In his kickoff to the 42nd annual IPA Technical Conference, IPA Executive Director Steve Bonoff told the crowd of over 300 attendees that the IPA Board was well on its way to developing a model for the breakthrough graphic solutions provider of the future - its structure, who its customers and employees will be and what technologies and services were likely to comprise the business. For an industry that has had to reinvent itself numerous times since the first technical conference was held in 1965 - and even before that - this proactive, forward-looking initiative was one of the more important announcements at the event, although it met with little fanfare. Many of the attendees I spoke with were at the conference seeking guidance on the future of their businesses as the sands continue to shift around them, and it will be interesting to see the outcome of the Board’s work - how forward looking it is and how they see the “breakthrough” firm of the future. Although the work is not yet complete, Bonoff provided some insight into the blend of emerging services firms should be thinking about beyond those offered today by many member firms (traditional premedia, color, content management, print, distribution, finishing, fulfillment, creative services, and photography, to name a few). Some of these emerging services might include workflow management, business and marketing consulting, web portals, broadcast, marketing campaign management, and data mining for ROI analysis.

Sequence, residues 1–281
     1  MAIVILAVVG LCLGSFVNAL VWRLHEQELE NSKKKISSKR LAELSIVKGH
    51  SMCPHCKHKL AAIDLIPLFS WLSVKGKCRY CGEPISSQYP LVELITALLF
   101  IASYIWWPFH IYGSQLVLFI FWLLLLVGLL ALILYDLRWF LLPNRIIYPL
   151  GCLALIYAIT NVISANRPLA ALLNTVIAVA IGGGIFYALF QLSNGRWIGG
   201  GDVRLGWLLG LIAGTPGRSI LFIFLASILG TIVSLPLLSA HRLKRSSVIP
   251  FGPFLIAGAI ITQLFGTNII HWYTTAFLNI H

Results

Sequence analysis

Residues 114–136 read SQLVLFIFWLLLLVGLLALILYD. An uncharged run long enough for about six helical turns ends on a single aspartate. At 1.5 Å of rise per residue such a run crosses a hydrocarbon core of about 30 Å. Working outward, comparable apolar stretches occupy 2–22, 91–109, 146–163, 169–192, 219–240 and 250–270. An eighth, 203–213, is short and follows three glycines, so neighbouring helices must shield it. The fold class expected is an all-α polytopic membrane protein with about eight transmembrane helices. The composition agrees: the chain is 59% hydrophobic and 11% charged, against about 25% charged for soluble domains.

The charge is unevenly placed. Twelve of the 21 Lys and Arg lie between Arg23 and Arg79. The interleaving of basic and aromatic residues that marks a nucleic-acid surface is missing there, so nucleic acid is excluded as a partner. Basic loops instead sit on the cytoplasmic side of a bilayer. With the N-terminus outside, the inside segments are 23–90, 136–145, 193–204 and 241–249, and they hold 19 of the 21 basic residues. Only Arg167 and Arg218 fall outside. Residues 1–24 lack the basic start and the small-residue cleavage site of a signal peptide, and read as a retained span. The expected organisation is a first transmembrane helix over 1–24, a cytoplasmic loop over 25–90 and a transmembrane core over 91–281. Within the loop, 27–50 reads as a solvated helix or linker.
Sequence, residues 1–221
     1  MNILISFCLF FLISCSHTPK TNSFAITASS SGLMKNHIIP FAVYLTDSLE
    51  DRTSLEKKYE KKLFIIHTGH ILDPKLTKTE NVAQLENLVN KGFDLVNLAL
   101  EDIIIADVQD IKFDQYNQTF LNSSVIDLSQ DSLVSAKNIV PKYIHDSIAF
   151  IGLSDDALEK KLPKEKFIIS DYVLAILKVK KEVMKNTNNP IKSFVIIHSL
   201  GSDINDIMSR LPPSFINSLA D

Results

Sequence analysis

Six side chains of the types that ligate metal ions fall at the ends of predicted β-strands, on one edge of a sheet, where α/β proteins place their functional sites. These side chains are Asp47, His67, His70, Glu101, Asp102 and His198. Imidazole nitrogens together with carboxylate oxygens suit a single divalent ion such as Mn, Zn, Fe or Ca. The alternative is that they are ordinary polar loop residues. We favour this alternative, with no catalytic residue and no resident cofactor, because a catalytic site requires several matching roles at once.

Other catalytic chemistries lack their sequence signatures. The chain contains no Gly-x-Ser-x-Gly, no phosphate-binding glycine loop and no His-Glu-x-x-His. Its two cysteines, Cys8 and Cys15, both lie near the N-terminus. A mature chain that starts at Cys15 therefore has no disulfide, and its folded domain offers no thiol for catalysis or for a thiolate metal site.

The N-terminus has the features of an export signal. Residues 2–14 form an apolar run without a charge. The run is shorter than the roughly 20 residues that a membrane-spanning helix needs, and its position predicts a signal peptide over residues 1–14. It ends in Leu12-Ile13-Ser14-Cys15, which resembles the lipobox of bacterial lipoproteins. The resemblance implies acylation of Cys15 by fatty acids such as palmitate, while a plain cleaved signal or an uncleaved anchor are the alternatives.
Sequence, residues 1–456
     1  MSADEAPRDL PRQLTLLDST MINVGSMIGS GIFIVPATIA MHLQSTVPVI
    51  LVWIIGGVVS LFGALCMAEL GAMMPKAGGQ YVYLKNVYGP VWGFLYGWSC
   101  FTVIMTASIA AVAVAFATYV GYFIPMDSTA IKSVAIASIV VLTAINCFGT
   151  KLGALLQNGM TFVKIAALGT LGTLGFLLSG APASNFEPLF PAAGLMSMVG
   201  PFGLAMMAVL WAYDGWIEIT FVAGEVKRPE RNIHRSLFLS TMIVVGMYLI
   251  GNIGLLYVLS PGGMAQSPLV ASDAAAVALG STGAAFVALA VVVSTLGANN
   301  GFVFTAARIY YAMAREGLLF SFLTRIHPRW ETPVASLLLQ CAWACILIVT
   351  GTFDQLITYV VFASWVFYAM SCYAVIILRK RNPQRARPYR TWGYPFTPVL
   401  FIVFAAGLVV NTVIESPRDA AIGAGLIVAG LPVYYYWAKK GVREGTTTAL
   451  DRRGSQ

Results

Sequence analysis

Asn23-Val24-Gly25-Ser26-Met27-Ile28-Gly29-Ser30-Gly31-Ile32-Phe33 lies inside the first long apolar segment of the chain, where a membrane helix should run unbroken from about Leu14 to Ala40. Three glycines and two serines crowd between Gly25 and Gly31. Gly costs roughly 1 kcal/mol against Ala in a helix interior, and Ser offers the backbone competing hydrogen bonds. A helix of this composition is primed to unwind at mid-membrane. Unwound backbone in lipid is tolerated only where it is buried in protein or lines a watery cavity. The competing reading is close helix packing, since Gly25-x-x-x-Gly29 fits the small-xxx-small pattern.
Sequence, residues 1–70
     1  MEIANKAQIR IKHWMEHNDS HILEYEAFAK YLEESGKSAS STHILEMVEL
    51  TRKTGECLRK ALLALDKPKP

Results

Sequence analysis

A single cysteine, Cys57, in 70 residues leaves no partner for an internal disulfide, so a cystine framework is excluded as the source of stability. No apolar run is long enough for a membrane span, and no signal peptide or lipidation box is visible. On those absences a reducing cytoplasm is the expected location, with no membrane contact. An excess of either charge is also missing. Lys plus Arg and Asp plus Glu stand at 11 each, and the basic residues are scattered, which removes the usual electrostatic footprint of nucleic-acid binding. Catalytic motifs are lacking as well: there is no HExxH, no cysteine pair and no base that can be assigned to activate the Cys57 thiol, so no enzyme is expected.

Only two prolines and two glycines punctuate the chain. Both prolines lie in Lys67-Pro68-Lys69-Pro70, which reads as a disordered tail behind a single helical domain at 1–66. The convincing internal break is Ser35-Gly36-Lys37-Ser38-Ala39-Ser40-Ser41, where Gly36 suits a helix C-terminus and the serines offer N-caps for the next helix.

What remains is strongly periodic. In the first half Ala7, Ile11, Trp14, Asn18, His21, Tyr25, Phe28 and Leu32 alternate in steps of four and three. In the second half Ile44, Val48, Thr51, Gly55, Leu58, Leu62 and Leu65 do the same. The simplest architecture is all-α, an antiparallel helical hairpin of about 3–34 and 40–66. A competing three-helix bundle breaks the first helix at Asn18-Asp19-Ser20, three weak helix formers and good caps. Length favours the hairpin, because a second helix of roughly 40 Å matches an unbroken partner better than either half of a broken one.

IPA Executive Director Steve Bonoff told the crowd of over 300 attendees that the IPA Board was well on its way to developing a model for the breakthrough graphic solutions provider of the future